Posts tagged: luxury interiors

Featured: San Francisco Chronicle – Home & Design

By , January 27, 2012

Fair Paris richly inspired California interior designer Jane Antonacci, resulting in a gilded private retreat for an avid lover of contemporary art.  Ample window coverings dominate the soft and open room, filled with creative pieces selected by both designer and homeowner.

This is the introduction to “Unique Finds Inspire Creative Interiors,” an article by Allison Brophy Champion, a writer for the San Francisco Chronicle.  This article focuses on the unique designs of Jane Antonacci and was featured on the cover of the Home & Garden section of yesterday’s feature, as well as being featured on the online edition, SF Gate.

It is an honor to be on the front page of the Home section of the Chronicle, with a full page photo of our project and total of 3 photos in the article.  The online article only showed one photo so here is another one for your enjoyment.

To read the article in it’s entirety, please click here.

Design Value of the Week

By , January 12, 2010

As predicted, I’ve already received several auction catalogues this week.  Here is an item from  Bonham’s London “Period Design sale that happened earlier this week.    

                 

Lot No: 336  A 19th century Anglo-Indian teak, bone inlaid and brass travelling writing / dressing box, the hinged lid enclosing a fitted interior including a mirror and hidden secret drawers, distressed(18.5″ wide, 9.5″ deep, 6.5″ high). 

This is listed at $750-1200, with fees.  Remember what we talked about in the last post? “The hammer price is not the price you pay”.   There are always those pesky fees added. And don’t forget customs and shipping.   Guessing that the New Year auction prices will be as soft generally soft as last years,   my estimate for it would have been at the low end of the scale.   Anglo-Indian items are still very hot, but it just sold for $550,including fees.   Still, in a lovely retail environment, the cost would be around $3500.  See what I mean about great values?

Domestically, Bonhams has an item in the New York “American Furniture” sale coming up in late January that I am dreaming about using  to create an  amazing guestroom.                                                                                                                                                                                                          

                                            

                                                      

Lot #  1213:      An American Aesthetic inlaid and ebonized cherrywood bedroom suite
Herter Brothers, New York  circa 1880

OMG!  This is exceptional.  Herter Brothers pieces rarely come on the market.  Their work is in major collections in Europe and the US, including the Metropolitan Museum of Art.  Imagine it in a bright white bedroom, painted white floors, with bedding and curtains of the finest, pure white, 100%  Italian linen.  A pure white, Barcelona leather chair and ottoman would be by the fireplace and white lacquered nightstands would complete the set.  The final touch would be overscaled heavily carved giltwood 18th c.  mirror over the fireplace, and, while we are dreaming,  a set of Franz Kline  paintings. A serene and stunning heaven would be the outcome. 

Given the estimated hammer price of $20-30,000,  this suite would be at least $95,000 in a gallery setting.  If this goes at the low end and you complete the design, you’d have a very chic, million dollar look for a small fraction of that.  At least you could make a down payment on the Franz Kline with the money you saved at auction!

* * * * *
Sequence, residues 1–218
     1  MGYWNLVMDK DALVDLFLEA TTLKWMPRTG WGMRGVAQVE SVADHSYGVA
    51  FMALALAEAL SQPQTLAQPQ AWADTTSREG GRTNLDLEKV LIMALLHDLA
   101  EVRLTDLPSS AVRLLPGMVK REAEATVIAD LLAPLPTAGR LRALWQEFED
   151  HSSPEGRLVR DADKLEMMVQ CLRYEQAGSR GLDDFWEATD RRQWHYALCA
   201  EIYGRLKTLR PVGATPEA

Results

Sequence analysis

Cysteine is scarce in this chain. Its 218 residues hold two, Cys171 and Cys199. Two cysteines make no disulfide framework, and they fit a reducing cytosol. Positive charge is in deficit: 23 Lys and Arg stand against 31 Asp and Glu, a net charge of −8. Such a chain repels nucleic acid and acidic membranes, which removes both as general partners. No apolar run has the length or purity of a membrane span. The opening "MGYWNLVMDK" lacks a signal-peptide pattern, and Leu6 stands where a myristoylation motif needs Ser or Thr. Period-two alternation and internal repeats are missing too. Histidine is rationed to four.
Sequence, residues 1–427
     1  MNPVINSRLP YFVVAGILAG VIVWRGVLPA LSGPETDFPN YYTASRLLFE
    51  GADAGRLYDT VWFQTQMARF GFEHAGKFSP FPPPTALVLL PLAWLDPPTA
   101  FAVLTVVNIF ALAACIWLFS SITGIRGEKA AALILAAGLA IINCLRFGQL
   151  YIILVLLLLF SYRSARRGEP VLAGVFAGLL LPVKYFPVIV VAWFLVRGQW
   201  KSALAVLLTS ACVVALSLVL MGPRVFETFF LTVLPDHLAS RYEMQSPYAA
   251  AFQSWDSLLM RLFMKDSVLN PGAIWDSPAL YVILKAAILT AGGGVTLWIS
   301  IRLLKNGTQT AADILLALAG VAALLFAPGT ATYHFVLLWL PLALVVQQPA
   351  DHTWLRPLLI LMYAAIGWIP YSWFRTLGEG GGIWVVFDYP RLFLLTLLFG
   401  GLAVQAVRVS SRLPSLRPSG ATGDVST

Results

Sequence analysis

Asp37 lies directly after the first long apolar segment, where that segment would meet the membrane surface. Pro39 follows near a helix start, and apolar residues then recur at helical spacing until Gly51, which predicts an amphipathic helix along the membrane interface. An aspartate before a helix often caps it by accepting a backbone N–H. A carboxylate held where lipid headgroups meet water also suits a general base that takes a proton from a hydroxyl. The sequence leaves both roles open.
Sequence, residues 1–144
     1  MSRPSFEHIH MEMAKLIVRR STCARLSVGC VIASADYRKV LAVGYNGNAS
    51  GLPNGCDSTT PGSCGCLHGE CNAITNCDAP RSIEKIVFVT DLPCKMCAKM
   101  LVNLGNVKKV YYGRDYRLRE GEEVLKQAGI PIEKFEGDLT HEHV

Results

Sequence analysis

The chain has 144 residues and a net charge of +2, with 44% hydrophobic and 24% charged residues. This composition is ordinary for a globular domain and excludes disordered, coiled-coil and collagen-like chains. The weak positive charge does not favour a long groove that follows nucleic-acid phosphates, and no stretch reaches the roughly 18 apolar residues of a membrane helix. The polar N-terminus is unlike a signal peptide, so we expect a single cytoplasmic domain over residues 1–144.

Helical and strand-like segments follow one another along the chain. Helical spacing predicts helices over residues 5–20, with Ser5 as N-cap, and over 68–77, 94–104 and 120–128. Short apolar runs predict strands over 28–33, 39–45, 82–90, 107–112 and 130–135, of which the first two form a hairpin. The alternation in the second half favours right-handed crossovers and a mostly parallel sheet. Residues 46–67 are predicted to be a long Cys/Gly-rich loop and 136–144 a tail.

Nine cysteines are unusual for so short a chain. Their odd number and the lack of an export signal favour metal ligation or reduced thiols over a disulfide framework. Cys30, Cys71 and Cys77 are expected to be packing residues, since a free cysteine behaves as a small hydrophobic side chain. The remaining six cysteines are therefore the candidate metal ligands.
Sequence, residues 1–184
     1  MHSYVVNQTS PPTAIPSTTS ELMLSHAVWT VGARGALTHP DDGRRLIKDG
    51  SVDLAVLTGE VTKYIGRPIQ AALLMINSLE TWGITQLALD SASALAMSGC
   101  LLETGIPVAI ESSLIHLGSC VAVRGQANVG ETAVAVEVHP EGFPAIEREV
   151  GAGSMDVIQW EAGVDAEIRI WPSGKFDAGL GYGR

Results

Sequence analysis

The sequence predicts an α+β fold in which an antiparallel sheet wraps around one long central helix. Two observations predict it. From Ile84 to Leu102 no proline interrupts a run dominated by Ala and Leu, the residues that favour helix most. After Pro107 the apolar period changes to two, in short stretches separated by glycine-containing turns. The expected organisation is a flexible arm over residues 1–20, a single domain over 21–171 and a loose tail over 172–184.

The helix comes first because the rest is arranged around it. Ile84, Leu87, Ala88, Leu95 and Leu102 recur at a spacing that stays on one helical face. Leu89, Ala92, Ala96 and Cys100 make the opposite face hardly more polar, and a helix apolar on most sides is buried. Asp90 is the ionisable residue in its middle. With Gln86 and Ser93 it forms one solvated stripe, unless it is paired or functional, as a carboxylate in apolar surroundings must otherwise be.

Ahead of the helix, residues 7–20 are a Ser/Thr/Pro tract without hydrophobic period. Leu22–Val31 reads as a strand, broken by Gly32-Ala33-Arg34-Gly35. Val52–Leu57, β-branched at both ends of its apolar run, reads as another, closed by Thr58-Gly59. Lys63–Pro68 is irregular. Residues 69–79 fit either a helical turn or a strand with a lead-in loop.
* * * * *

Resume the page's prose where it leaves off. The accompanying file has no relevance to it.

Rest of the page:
If you need a single room done, I’d suggest you keep an open mind and start watching the auctions.  You’ll come up with something you never would have dreamed of and feel very proud of yourself for your smart thriftiness and your contribution to sustainable design!

Our New “One Day Makeovers” For The Home

By , April 7, 2009

Early in December of last year, my team and I were installing new family room furniture in a client’s primary residence. I had finished their second home the previous year, so they knew the capabilities of the firm, but I hadn’t done much for them in this house. She asked me to “take a look at the dining room and living room” to see what the rooms might need to make them look better for the big party she was planning.

The first thing I noticed was that there was a lot of nice art, but it was hung in a way that was not very effective. I knew that by rehanging the existing art, we could help the areas to be much more dramatic and engaging. So I had our art installer come by and help us hang the work that I had reorganized and placed into groups. The groups are much more powerful than the pieces scattered about, which you can see here:

Before and After Art Placement

Before and After Art Placement

Then, I noticed the furniture in the living room was not showing the room to its best advantage. I Pushed the furniture around a bit, opening the room up more to the fireplace and suddenly theroom appeared larger! I noticed an area by the window that was not furnished with much of anything. We moved an antique sofa table into the window area and decided that it would benefit from some new lamps and accessories. With that, an area that was once dead was now alive and interesting, both from outside the house viewed on the way to the front door and from the inside as well.

Window View Before and After

Window View Before and After

I inventoried the lamps. There were not enough to create the warm glow I had in mind. So with the clients permission, we brought in some new lamps and lampshades, some new pillows for the sofa and other accessories for the room.

The book case in the living room had a few items on it, but needed help. I picked the raspberry accent color that was in her fabrics and had the painters who were working in the family room paint the back of the bookcase that color. The client had a few pieces of blue and white Chinese Export Style ceramics. So we filled the bookcase with more of the blue and white ceramics, interesting wooden boxes and beautiful old books. And a couple of small pictures that we took down from the walls and hung inside the bookcases added drama, scale and perspective to the shelves. The shelves went from drab to dynamite!

Bookcase Before and After

Bookcase Before and After

The living room was looking very good by now, so on to the other rooms!

When we had started the re-do, I put all the clients accessories from the three areas in one area of the floor so I could see them all at the same time. This allowed me to notice patterns of items that worked well together, small collections we could place and also let me know what was missing. I brought in a carload of accessories to add to the group and then everything began to sing. We were able to restyle the bookshelves, tabletops, kitchen counters and desks. We also brought in some containers for plantings and orchids to make the rooms feel really alive!